Monday, July 28, 2014
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The devastation is almost unimaginable, but in some ways reminiscent of Katrina, and yet so different from the damage done by Ike in Galveston. This is so not only because of the human casualties and general cost, but also because of the structured inadequacy of aid and a government without adequate capacity to intervene, to rescue the stranded, save the drowning, feed the hungry, provide water to the thirsty, housing for the homeless, help for the injured or even answer the questions of the people and assure them that within a certain period of time their houses and neighborhoods will be raised and rebuilt again. Hit hard and mercilessly by four major storms and hurricanes in less than a month, the people of Haiti have suffered as many as 1,000 people dead, tens of thousands injured, and an estimated one million, some say five million, homeless.

Gonaives, Haiti's third largest city was cut off by the collapse of a major bridge and the people left stranded for days without food, water or alternative shelter. Much of the city was under water and an estimated 80% (240,000) of its residents were displaced. Moreover, hospitals, schools and other vital institutions were destroyed; crop fields were flooded and eroded, forecasting an increased problem of food adequacy and security in the future. Talk of possible famine has entered conversations and the future of aid and its adequacy are uncertain.

For most Americans, the state of Haiti and the life-conditions of its people are not high on the list of morally considerable and politically significant subjects, even though the U.S. has tied itself to Haitian history thru its own long history of embargoes, invasions, interventions, political isolation and coups. Indeed, a great part of Haiti's problems stem from its forced "relationship" with the U.S. Thus, even before the recent hurricanes of nature, the hurricanes of history and society, the savage, destructive and devastating realities of oppression, injustice, domination and wars of various and vicious kinds, had already left Haiti damaged and vulnerable, unable to readily confront and successfully cope with the hurricanes that arise from the sea and wreak havoc over the land. Note how even before the arrival of the storms, human rights advocates and groups had charged the U.S. with withholding money approved by the Inter-American Development Bank to repair and rebuild some of Haiti's water and sanitation systems and to provide clean drinking water to Haiti in order to compel Haiti's compliance with its wishes concerning the politics and economy of the country. Not only is this a violation of principles of non-intervention in the affairs of member states, it is again an immoral and inhuman act against the people of Haiti.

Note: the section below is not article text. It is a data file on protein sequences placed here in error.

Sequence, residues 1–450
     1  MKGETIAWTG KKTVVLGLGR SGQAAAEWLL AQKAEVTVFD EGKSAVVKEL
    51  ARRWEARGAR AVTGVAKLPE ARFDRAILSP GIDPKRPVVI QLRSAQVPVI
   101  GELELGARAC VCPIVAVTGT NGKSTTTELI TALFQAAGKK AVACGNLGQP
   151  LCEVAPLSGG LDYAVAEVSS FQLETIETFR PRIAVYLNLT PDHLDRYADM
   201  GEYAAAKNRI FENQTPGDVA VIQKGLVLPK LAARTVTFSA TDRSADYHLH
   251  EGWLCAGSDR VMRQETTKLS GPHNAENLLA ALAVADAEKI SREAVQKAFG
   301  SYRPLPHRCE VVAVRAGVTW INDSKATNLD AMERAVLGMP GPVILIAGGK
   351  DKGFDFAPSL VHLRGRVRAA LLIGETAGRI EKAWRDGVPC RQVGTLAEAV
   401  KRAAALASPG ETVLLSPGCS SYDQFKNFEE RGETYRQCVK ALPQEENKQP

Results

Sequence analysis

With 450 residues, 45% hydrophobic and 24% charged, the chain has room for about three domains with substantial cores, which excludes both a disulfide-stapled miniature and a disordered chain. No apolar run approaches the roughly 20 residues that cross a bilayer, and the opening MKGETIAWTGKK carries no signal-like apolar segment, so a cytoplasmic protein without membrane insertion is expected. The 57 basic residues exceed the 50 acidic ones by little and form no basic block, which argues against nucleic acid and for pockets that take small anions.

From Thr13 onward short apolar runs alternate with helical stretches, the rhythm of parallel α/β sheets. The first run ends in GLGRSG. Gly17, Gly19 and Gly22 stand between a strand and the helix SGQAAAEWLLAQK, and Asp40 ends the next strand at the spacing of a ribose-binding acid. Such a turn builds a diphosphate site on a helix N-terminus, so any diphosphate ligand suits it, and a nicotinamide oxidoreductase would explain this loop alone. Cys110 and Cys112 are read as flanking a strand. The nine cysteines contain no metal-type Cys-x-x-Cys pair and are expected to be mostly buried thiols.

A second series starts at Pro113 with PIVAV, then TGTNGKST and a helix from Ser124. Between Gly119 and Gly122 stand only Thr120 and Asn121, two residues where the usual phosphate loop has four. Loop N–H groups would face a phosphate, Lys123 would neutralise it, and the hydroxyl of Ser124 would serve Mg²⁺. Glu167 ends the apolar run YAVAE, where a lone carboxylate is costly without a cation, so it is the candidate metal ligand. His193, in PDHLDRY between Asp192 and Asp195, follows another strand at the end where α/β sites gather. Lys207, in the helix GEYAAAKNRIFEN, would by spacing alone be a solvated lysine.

Haiti is the last country in the hemisphere that the U.S. continues to need to dominate, disrupt and degrade in such a brutal and open way. Its use of Brazil to do its "wet work", its bloodletting, under the auspices and unconvincing cover of the U.N. does not in any way camouflage its role in the hurricane-like devastation and disruption of Haitian life in collusion with France and Canada. Not only has it gutted the government, overthrowing, kidnapping and forcibly taking President Jean-Bertrand Aristide from Haiti, the U.S. has helped impose an economic regime of "structural adjustment" that has destroyed Haiti's agriculture and turned it in less than two decades from a country that was food sufficient to one which is a dangerously dependent importer and debtor. It has forced Haiti to give up rice growing and import it and then has made it so expensive that it's beyond the reach of the masses, provoking food revolts and demonstrations against these and other impositions which not only have destroyed Haiti's agriculture, but Haitian lives. Indeed, these impositions-privatization of national wealth, cutting of social services, land seizures, forced imports, and structural dependency as an overall policy is called the "death plan" by Haitians.